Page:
For the next few kilometers, everything was going well. I felt great. In fact, at one point, Ellen turned to me and said, “Maybe we should back off the pace since it is going too fast.” At that moment, I realized my plan to train through the post-season off-the-bike break had worked. Ellen was still stronger, but not by much. Although she may have not been in top form, she did have the forethought to sit near the front of our group going into a tricky singletrack while I was near the back. Part way into the singletrack, I watched the front of the peloton ride away. Knowing the situation was looking dismal, I asked the guy in front of me who was creating the gap to kindly either let go of the brakes or let us pass. He did neither and we were split from the group.

Ellen Van Loy, kitted up and ready at the start. © Jeremy Allen

Ellen Van Loy, kitted up and ready at the start. © Jeremy Allen

Once out of the woods, I attempted to bridge the gap alone…for the next 20+ kilometers, in fact. Big mistake. Worse yet, the side wind was so strong that I rode just on the brink of full power cutoff to the legs from the gluteus medius pain. The only reason my pain remained manageable was thanks to dry-needling from GRIT’s Maarten Thyssen, therapist to the Belgian Olympic athletes and a massage from my guy Paul just before I took off for Canada.

Every once in a while, I was passed by a group of three to five guys but I was too wiped to even jump on their wheels. There was one guy who did provide some much appreciated reprieve for bits here and there until his wobbly wheel got the best of him. Just when I was at the point of full body cramps for going way over my limit for too long, I spotted Gabby’s 15-man group coming up behind, with Jeremy Powers at the front pushing the pace and Gabby tucked in his wheel.

They flew by so fast I had no chance to sit on. Just when I thought all was lost to even crawl onto the podium, a friendly face dropped himself from Gabby’s group to wait for me. It was Edgars, a guy who normally comes in top ten but was having an off day. He let me sit on his wheel as we putt-putted the next few kilometers in hopes that I could pull myself together. His steady stream of encouraging words finally kicked in and we picked it up to a respectable pace. It was just in time for us to both jump on the wheel of his friend who flew by from the wave of athletes who started behind us. We got to cruise for 35kph for the next kilometers until I cracked again.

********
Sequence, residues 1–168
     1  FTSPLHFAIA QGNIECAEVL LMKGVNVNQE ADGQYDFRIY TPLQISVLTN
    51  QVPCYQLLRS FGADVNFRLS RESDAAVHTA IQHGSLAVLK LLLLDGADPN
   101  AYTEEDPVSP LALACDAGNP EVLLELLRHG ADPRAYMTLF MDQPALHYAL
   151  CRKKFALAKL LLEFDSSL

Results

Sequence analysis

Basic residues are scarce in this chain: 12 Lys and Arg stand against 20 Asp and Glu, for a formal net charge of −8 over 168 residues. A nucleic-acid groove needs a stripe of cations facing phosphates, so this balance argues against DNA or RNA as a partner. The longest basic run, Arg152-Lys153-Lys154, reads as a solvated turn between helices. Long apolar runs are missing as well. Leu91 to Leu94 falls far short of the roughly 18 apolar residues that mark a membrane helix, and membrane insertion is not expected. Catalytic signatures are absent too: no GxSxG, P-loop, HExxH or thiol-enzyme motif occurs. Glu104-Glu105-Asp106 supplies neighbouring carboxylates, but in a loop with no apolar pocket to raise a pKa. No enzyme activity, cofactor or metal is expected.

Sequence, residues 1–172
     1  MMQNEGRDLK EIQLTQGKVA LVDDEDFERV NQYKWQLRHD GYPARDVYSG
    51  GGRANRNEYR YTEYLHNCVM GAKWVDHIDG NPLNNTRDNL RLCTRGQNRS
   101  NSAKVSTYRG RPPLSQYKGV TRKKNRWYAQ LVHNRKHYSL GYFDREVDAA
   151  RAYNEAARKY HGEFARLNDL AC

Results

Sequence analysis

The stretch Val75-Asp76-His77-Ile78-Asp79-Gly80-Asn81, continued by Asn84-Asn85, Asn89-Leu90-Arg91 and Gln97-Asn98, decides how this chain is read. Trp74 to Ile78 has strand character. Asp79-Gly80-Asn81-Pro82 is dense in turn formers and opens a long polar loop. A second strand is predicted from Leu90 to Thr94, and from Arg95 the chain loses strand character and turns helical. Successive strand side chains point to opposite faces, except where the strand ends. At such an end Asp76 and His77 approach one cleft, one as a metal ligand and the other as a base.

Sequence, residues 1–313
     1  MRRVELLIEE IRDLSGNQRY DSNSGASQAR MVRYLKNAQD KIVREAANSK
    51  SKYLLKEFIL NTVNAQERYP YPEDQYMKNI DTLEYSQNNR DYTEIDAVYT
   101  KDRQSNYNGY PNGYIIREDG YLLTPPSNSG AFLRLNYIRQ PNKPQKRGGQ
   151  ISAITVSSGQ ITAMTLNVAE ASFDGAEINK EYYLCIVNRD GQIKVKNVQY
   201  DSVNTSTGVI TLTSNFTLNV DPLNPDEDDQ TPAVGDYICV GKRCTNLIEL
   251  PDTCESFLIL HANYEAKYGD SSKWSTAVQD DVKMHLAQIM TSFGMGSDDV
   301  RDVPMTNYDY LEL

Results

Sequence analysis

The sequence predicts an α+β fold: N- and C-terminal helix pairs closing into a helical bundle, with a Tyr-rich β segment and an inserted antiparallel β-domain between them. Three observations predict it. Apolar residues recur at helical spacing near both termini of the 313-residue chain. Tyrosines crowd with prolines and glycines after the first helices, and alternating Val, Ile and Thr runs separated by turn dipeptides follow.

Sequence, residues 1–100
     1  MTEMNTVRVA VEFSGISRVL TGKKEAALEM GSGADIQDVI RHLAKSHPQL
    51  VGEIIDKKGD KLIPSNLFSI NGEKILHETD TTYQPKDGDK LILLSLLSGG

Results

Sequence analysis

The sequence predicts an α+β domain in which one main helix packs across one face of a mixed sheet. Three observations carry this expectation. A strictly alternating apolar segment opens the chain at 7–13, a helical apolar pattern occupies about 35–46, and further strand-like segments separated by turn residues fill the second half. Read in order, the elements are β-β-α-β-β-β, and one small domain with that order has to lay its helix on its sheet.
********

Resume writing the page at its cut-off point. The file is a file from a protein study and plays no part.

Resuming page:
By this time, we were completely swarmed by these second-wave riders. I must admit it was a bit disheartening to be dropped by so many all at once but the supportive cheers I got from some of them as they passed really helped me to dig deep for my “third wind” so that I could fight to hold onto third place. My top favorite of all cheers came from a guy I passed in the final muddy chute. He yelled, “Hey Christine, I love you!” Priceless. It gave me such a boost that when I came to a tricky log section just after, where everyone around me was dismounting, I rode it without a thought in mind other than to get to the finish.

On the final climb to the line with pitches up to 15% I couldn’t even stand up on the pedals for fear that my whole body would seize and I’d have to crawl to the top. Shortly after I crossed the finish, Edgars rolled through, his work done. What a hero he was for me. Some moments in life you never forget. This was one such moment.

Parked just past the finish was Alex’s van. I grabbed a water from Bill, gave hugs all around to our support crew including Joany and Mark then crashed out on the grass next to Ellen. Our goal was to be on the podium so job accomplished. Its races like these that remind you just how important a solid support crew is and how riders around you can turn a dismal suffer-fest into a positive experience.

As for Ellen’s race, her group stayed together until a few kilometers before the finish where the individual attacks came. She stayed strong to the end which was a very good sign for her next cross season that kick off with a Colorado-based team training camp leading up to her first race of Cross Vegas World Cup September 16th.

The podium ceremony was very special for me. I may have come in third again but this one was really hard fought. It was also cool to share a podium with two gals I like and admire. In addition, I won my age category again. And pep-talk Jany surely kept her promise. While I stood there on the podium, all eyes were on her as she cheered louder than everyone. It reminded me of the deafening sound on the final descent at Koppenbergcross last year as Sven Nys came around the corner.

It was also fun to watch Ellen do her interview in English in front of an auditorium packed with folks. She said to me after, “I had so much to say that I wanted to get all the words out at the same time!” I totally get the feeling. It was yet another amazing experience where we got to spend time with solid people and ride our bikes in some of the most beautiful yet challenging private and public land from Paris to Ancaster. We are already excited to come back next year to collect more memorable experiences! I want to thank Stevens Bikes, T. Strong Transportation, Fitness by Farzan, 3T Cycling, Challenge Tires, Nodrugs, BOOOM, Hempage, Dieci-9, Tifosi Optics, Rivo Sports, SHEEX and Tam Bikes for all their support for another successful trip to Paris to Ancaster.

After a hard-fought win and podium finish, the Belgian-based riders get their fill of North America. © Christine Vardaros

After a hard-fought win and podium finish, the Belgian-based riders get their fill of North America. © Christine Vardaros

Right after the ceremony, it was into Bill’s car for the long drive south to New Jersey, right across the George Washington Bridge so we can play in Manhattan every day for a week, with and without the bikes.

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